Rule 65(d) requires the language of injunctions to be reasonably clear so that ordinary persons will know precisely what action is proscribed. See Wood v. Santa Barbara Chamber of Commerce, Inc., 705 F.2d 1515, 1525 (9th Cir.1983), cert. denied, --- U.S. ----, 104 S.Ct. 1446, 79 L.Ed.2d 765 (1984). Injunctions are not set aside under rule 65(d), however, unless they are so vague that they have no reasonably specific meaning. See Ford v. Kammerer, 450 F.2d 279, 280 (3d Cir.1971) (per curiam) (injunctions need be obeyed only to the extent that prohibited conduct is reasonably specified). Nevertheless, because of the strong policy of clarity behind rule 65(d), all ambiguities or inconsistencies are resolved in favor of the person subject to the injunction. Id.
The two disputed paragraphs of this injunction each have clearly ascertainable and definite meanings. Unfortunately, they are inconsistent. Paragraph 1 directs Alonim not to import vehicles without first obtaining approval from the EPA that the vehicles conform to EPA anti-pollution standards. Paragraph 2 then directs him not to import any vehicles without strictly following EPA regulations governing such vehicles. The regulations cited in paragraph 2 not only advise how to secure EPA approval before importation (as directed in paragraph 1), but also give directions for the conditional importation of vehicles when prior EPA approval has not been secured. Neither Alonim's nor the government's attempt to reconcile the paragraphs is persuasive. Only one of the paragraphs can stand in light of rule 65(d). Resolving the inconsistency in Alonim's favor, it would thus have to be paragraph 2.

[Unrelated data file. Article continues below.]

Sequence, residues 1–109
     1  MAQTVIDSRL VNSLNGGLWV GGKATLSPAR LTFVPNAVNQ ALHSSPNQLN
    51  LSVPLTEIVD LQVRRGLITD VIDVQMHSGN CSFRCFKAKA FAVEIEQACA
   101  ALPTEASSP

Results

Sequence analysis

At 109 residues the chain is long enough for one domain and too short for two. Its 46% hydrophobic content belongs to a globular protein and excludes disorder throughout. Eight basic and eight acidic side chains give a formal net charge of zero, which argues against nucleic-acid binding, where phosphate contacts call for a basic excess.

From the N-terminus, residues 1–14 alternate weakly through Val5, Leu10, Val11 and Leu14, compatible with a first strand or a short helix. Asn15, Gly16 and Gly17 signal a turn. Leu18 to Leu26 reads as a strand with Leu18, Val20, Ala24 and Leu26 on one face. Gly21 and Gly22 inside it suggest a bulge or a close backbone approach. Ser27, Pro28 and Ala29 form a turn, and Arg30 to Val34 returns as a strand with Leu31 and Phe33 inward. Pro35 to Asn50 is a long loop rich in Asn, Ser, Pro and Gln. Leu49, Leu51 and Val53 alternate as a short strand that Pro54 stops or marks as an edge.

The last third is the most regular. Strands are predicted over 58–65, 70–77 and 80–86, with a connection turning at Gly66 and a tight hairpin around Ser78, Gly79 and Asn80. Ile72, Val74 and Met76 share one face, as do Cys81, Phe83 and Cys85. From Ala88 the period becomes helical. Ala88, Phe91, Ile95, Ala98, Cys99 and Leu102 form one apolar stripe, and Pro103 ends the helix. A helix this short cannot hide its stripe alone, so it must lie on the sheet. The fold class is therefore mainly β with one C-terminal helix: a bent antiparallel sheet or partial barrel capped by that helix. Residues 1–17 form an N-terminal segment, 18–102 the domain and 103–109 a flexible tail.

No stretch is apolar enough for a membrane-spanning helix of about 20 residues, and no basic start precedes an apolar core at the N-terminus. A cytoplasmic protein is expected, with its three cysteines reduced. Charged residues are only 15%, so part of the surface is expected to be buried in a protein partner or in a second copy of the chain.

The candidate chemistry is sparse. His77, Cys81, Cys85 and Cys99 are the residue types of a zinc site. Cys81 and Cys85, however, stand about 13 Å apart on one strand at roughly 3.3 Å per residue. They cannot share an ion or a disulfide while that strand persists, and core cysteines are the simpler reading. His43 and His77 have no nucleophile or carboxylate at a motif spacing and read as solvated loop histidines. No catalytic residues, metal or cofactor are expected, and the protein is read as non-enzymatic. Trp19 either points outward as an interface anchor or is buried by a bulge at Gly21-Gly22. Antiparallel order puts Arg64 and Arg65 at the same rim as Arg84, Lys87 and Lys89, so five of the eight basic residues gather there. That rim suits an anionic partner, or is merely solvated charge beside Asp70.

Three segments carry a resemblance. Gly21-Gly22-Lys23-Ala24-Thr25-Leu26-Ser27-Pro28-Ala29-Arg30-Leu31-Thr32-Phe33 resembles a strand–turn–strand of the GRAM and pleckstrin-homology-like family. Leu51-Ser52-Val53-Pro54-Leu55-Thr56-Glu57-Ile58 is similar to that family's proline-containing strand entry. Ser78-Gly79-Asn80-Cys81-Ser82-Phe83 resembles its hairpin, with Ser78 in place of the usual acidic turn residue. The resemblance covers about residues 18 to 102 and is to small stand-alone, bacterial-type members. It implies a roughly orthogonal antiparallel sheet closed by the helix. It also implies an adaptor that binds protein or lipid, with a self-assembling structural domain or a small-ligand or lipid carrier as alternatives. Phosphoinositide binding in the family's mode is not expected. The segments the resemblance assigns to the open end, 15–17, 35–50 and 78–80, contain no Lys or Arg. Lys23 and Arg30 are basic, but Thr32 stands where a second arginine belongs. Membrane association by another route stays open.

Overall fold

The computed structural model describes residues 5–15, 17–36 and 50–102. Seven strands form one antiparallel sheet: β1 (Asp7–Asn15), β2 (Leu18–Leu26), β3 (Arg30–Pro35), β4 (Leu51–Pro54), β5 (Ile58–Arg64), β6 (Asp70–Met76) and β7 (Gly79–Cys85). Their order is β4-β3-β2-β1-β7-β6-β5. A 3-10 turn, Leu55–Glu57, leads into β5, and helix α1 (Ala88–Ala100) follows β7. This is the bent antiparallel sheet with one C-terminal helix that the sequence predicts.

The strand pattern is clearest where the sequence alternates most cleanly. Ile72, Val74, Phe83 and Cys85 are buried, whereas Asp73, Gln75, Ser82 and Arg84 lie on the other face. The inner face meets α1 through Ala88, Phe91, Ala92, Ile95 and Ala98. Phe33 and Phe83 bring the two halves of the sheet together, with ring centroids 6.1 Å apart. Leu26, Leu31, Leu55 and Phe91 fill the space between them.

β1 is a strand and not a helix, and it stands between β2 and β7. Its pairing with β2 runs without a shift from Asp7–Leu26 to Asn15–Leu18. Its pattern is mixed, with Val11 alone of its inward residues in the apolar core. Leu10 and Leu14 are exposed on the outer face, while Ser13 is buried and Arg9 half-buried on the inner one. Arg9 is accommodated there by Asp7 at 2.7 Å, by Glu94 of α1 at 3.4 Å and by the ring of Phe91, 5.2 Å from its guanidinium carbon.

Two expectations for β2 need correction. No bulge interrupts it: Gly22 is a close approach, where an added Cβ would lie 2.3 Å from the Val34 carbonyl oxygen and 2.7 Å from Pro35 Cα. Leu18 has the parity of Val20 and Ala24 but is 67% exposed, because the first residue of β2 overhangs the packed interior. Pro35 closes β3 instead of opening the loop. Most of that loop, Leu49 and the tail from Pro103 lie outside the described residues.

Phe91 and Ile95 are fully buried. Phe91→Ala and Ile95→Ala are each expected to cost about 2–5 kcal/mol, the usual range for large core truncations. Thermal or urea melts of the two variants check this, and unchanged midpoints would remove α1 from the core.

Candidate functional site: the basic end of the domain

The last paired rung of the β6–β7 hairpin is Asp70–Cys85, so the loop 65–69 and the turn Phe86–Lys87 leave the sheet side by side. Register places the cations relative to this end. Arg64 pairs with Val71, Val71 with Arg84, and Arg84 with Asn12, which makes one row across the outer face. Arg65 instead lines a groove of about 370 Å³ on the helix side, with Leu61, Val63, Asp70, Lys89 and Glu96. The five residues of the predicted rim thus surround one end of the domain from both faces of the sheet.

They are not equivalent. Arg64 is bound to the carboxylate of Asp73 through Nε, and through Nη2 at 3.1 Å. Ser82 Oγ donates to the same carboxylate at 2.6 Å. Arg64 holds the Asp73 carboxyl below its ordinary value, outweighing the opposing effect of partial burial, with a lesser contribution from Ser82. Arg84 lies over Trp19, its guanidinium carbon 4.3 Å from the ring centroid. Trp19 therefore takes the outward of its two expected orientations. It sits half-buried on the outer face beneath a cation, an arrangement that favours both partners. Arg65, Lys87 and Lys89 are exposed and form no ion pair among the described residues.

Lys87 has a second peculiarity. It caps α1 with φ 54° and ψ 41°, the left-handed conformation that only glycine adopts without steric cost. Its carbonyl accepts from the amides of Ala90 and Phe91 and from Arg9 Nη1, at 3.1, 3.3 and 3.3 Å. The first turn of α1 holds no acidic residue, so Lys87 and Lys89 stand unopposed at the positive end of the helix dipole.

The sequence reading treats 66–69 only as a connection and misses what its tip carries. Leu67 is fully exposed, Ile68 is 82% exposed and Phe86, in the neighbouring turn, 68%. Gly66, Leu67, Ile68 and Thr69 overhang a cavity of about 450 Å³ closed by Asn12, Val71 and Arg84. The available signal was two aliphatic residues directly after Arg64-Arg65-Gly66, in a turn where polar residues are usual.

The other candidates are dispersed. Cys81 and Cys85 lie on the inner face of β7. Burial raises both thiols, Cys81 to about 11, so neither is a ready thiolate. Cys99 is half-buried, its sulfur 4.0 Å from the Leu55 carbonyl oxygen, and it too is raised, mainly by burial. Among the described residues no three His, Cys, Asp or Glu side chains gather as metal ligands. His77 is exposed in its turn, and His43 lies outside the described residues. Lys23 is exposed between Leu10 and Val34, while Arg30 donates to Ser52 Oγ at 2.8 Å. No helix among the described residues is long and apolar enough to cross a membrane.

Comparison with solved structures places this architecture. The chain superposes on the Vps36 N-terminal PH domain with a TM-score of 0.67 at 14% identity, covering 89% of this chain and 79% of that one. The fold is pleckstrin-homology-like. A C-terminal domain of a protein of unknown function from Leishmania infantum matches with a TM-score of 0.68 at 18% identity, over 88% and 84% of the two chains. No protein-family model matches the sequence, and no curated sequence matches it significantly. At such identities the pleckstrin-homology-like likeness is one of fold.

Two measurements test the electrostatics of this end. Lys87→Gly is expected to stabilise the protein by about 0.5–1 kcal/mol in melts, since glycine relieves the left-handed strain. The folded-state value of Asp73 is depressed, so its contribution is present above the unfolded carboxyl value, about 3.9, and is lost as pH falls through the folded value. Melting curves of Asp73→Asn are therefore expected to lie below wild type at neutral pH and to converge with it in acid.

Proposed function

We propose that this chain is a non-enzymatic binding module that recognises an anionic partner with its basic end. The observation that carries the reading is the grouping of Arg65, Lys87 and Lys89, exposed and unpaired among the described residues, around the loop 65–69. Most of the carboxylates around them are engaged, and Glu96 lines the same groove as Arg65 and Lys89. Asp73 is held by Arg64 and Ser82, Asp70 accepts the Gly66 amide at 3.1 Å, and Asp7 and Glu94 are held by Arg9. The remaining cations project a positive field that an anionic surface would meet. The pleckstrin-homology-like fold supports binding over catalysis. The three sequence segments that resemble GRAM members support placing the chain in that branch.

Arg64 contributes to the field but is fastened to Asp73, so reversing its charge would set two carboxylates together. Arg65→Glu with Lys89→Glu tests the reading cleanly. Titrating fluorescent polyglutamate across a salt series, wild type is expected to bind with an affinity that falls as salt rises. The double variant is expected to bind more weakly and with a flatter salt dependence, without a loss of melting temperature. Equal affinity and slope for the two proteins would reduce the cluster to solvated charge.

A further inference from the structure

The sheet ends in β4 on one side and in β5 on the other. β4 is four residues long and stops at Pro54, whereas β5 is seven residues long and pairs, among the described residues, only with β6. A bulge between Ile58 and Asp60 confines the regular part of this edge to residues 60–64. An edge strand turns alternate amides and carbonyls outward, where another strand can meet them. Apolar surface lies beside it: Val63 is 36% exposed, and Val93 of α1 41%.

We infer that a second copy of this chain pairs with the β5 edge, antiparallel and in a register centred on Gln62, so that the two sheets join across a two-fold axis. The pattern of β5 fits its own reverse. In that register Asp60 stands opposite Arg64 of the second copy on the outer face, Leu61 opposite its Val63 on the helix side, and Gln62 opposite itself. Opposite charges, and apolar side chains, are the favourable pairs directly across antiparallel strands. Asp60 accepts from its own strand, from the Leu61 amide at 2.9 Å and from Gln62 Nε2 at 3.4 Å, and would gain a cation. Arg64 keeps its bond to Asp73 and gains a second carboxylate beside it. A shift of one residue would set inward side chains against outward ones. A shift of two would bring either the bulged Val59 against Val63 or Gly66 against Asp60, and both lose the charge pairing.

REVERSED AND REMANDED.
FLETCHER, Circuit Judge, dissenting:
I dissent from the majority's view that because paragraph 1 of the injunction is unlimited in time it must necessarily be vacated. I agree that an injunction against otherwise legal activity should not be continued indefinitely. However, it should continue until its original purpose of preventing the legal activity from contributing to the illegal activity has been served. The record is a vacuum. There has been no hearing to determine whether Alonim has conformed his importation practices to the requirements of the Clean Air Act or whether he has continued his blatant disregard of the law--importing nonconforming automobiles and selling them without bringing them into compliance. Because the termination of the injunction at this time may be premature, I would remand to allow the district court to determine whether Alonim's post-injunction behavior warrants the continuance or discontinuance of the injunction. In light of the total absence of any record as to Alonim's recent compliance, no other decision seems possible. No one, including Alonim, suggests that an injunction was not warranted initially. If the district court found the injunction was still required, it could limit the prospective application of the injunction to some reasonable period. See Sandura Co. v. FTC, 339 F.2d 847, 861 (6th Cir.1964).
I also disagree with the majority's view that paragraphs 1 and 2 of the injunction are fatally inconsistent. The meaning and intent of the injunction are clear--paragraph 1 was meant to prevent Alonim from using regulations that allow the import of non-conforming automobiles provided they are brought into conformance upon arrival, paragraph 2 was designed to force Alonim to comply with the regulations regardings the vehicles he did import. Yet, even if the injunction is open to interpretation, we should not, as the majority suggests, simply eliminate paragraph 1, but rather should remand so that the injunction could be appropriately clarified by the district court.
I would therefore remand for a hearing.